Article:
'Women for women' was the motto at the recent femme 2 fashion show at the Women's Museum in Bonn. Shaima Breshna from Afghanistan was one of 70 designers from all over the world who presented their wares.
When Shaima Breshna returned to her country in 2002 for the first time in 20 years, she was shocked. Afghanistan had been reduced to rubble once again and she saw that those most affected were women and children.
There are about a million widows and 1.5 million children who are either orphans or only have one parent living in the war-torn country.
Breshna, who is 71 today, wanted to do something to help. She and her daughter founded Azezana - which stands for "Hope for Afghan Women" in Dari - a development project that aims at providing long-term financial security to women.
From five to 25
They started out by employing five women in the Afghan capital Kabul, who were trained in how to weave silk and make scarves. Over the years, the project grew and more and more people abroad became interested in Azezana's products.
"Today, I employ 22 women and three further people," Breshna, who was wearing a bright red scarf made by her co-workers, told Deutsche Welle. "I not only help these 25 Afghans but also their families and children."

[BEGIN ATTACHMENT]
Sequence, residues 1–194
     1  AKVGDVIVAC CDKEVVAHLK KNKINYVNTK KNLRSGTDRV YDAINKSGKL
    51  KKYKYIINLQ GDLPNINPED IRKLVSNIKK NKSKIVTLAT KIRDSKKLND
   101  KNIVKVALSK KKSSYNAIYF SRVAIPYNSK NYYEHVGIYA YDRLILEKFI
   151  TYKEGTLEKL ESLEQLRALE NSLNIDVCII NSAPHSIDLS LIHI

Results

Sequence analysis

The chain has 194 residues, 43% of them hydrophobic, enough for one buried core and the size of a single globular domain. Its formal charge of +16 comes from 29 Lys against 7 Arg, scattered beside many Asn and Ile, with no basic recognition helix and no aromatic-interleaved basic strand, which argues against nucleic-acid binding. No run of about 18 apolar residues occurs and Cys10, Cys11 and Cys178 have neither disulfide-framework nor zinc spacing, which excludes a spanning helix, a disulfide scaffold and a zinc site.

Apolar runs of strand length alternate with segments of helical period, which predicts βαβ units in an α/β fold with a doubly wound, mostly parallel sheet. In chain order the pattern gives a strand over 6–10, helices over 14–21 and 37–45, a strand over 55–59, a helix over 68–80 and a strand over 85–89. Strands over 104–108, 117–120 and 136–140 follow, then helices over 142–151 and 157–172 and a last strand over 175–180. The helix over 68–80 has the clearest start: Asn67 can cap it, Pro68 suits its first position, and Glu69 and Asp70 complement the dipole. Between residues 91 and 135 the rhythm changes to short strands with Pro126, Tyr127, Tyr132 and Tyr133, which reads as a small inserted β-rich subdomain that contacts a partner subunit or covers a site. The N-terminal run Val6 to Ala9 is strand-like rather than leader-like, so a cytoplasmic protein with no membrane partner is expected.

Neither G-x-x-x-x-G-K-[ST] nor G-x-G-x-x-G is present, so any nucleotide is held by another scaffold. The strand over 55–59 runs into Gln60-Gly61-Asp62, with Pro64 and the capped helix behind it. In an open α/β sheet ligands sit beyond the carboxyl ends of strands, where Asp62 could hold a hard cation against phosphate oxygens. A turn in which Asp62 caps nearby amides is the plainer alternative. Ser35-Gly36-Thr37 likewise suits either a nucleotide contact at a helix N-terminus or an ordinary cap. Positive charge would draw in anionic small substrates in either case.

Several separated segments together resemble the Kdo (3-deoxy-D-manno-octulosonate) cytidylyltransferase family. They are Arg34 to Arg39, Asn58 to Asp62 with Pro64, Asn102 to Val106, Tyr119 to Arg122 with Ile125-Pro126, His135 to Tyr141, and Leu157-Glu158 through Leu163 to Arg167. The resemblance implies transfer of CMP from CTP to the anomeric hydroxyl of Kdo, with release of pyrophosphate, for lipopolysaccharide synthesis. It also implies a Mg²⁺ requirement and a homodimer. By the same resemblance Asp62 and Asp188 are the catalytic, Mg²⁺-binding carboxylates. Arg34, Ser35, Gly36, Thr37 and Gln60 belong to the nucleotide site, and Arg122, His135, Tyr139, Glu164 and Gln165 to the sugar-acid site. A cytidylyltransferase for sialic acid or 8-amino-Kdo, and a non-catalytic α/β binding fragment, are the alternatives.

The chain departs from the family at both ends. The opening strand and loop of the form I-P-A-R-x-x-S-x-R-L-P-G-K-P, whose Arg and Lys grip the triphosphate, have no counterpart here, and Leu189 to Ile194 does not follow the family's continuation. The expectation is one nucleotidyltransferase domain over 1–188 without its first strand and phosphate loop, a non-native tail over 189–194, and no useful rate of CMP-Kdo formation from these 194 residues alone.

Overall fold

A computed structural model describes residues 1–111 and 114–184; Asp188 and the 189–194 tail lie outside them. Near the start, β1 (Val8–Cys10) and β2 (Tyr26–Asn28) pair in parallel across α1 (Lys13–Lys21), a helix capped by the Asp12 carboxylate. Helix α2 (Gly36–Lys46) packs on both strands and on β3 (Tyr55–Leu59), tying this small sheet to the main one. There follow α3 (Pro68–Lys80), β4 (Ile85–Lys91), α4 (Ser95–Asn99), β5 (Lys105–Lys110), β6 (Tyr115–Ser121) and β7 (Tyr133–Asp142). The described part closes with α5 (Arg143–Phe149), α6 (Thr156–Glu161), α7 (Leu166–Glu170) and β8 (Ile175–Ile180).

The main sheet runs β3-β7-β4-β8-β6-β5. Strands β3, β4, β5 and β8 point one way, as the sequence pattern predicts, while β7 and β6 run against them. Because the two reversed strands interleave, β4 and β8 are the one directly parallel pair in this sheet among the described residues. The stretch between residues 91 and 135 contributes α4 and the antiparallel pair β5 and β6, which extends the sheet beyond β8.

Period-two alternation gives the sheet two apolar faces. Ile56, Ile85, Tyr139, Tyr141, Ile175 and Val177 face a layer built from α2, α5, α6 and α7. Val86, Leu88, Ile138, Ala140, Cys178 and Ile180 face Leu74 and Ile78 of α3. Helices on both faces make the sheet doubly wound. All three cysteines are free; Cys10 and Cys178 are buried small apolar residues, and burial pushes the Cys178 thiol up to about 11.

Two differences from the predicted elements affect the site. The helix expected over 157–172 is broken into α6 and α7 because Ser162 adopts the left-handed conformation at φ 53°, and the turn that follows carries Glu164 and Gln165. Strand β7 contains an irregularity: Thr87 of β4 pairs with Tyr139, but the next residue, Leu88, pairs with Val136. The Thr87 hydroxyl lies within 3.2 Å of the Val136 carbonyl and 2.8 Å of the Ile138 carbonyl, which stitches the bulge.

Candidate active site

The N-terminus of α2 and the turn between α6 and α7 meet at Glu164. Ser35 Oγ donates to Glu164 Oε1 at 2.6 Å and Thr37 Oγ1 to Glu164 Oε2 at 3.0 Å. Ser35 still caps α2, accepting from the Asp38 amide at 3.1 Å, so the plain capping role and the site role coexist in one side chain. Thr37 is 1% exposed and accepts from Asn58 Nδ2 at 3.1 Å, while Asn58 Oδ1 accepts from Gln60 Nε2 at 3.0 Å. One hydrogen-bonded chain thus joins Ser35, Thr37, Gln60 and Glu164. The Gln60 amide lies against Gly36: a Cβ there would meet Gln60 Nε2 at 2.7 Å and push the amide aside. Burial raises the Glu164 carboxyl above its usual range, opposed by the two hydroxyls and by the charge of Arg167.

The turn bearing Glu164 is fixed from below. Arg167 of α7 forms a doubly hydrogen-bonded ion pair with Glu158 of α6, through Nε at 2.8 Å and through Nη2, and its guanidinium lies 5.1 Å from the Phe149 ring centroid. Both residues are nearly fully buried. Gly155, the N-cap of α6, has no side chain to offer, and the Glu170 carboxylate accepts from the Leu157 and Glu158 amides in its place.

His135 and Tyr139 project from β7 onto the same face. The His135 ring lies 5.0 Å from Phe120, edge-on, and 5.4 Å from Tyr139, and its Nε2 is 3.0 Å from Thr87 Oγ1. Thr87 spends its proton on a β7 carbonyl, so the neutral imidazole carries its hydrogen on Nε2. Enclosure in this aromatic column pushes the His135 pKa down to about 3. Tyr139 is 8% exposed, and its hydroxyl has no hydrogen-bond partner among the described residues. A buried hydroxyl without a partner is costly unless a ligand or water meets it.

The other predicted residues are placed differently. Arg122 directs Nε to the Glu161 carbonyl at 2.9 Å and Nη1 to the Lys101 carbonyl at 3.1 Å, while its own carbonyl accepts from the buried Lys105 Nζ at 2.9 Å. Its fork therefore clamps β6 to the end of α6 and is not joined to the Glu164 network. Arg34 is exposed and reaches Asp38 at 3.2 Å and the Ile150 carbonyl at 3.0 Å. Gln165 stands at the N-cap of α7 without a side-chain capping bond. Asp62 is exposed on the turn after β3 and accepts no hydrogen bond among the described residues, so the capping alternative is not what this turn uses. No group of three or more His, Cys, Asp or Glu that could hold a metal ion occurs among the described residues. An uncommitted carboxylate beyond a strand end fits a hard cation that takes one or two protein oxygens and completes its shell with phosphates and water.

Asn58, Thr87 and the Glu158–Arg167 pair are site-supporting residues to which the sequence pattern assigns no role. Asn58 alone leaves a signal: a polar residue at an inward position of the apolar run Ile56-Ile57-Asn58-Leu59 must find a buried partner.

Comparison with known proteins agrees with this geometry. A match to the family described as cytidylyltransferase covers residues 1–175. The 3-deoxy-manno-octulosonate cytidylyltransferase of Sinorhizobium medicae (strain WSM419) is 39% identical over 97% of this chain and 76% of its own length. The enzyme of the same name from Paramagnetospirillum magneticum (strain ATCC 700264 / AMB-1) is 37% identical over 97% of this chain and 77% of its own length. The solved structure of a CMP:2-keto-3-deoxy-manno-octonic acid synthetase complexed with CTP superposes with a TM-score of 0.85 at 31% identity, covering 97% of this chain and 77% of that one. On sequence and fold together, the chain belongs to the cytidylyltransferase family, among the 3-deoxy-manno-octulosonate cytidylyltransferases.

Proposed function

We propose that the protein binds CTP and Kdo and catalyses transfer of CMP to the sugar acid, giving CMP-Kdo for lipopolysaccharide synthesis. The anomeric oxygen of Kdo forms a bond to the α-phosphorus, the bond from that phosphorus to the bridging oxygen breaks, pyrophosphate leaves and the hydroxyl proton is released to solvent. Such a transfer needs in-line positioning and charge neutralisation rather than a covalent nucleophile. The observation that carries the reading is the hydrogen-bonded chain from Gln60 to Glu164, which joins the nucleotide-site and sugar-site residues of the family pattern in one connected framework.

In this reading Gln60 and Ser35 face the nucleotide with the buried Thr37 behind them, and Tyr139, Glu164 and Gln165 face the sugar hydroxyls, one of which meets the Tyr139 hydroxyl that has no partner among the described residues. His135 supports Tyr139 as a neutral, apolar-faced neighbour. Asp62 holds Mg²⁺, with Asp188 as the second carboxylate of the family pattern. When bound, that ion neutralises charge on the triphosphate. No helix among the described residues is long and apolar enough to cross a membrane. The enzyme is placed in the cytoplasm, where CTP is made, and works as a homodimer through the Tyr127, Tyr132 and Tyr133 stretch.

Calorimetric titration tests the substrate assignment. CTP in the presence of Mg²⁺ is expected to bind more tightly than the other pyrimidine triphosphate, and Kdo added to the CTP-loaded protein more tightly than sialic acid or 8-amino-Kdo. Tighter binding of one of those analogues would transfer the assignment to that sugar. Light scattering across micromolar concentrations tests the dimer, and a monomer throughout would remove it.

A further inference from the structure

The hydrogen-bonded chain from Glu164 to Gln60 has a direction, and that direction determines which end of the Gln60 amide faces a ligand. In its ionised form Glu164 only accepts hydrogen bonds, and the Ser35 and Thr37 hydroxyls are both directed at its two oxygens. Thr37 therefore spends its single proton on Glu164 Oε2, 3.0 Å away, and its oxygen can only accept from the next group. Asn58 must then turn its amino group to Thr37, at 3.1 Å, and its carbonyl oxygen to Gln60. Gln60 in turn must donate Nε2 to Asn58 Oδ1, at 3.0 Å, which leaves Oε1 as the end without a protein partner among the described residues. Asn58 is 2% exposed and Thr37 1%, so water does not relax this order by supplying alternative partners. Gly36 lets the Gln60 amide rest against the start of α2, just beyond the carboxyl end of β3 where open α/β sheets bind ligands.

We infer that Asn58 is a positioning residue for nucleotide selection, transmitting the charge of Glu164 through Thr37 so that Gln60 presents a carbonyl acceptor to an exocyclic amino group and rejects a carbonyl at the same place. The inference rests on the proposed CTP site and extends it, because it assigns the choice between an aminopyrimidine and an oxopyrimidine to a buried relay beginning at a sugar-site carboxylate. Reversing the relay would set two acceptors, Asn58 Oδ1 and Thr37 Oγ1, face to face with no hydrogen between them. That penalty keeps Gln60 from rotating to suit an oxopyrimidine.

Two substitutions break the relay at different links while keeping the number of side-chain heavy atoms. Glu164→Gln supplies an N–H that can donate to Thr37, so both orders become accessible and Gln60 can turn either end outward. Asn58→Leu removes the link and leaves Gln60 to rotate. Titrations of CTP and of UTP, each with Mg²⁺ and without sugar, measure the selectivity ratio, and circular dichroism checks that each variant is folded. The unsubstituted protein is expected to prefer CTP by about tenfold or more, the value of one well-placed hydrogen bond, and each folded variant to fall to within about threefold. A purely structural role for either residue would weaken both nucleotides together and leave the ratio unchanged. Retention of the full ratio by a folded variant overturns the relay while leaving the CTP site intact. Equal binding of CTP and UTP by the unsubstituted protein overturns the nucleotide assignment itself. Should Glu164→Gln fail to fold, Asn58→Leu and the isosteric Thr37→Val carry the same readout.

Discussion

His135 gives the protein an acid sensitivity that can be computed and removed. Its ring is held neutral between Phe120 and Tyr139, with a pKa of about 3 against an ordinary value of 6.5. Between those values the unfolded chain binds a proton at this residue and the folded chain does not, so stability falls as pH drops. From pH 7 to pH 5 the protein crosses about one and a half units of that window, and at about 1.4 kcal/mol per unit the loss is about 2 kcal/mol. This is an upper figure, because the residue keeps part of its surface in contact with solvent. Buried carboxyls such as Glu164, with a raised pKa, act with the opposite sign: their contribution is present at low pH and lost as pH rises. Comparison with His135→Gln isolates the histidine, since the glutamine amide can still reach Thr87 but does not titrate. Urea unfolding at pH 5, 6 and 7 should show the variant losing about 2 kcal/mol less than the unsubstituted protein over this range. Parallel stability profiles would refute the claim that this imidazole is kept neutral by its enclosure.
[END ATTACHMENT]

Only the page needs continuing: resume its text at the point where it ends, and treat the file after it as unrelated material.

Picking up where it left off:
"They can forget their worries for a while because they have a job and an income," she said proudly, adding that it was also important for her to revive an ancient custom.
"I wanted to restore Afghanistan's silk tradition because it has almost died out," she said, pointing out that this was not the case in Pakistan and Iran where most similar artisan goods are made. "We have modernized the methods and made the products interesting to people in Europe too."
The project has received worldwide acclaim with goods being showcased at the British Museum in London, the Green Week in Berlin and the Women's Museum in Bonn.
Promoting fashion with a political message
The femme 2 fashion trade fair in Bonn was about promoting fashion with a political message. Development aid doesn't always have to be serious, said project head Kathrin Wallat - what's important is the impact.
"If I say I'm ready to spend 20 euros more to support Afghan women then I have an emancipatory effect," she told Deutsche Welle.
She also said that she believed decisions made by consumers were political and could help direct global developments. She contrasted the Azezana project where customers are brought into direct contact with the women who have made a product with traipsing through a crowded city center full of chain stores.
Azezana brings together women from two very different worlds who have one thing in common - the desire to express themselves through fashion.
Author: Waslat Hasrat-Nazimi / act
Editor: Sarah Berning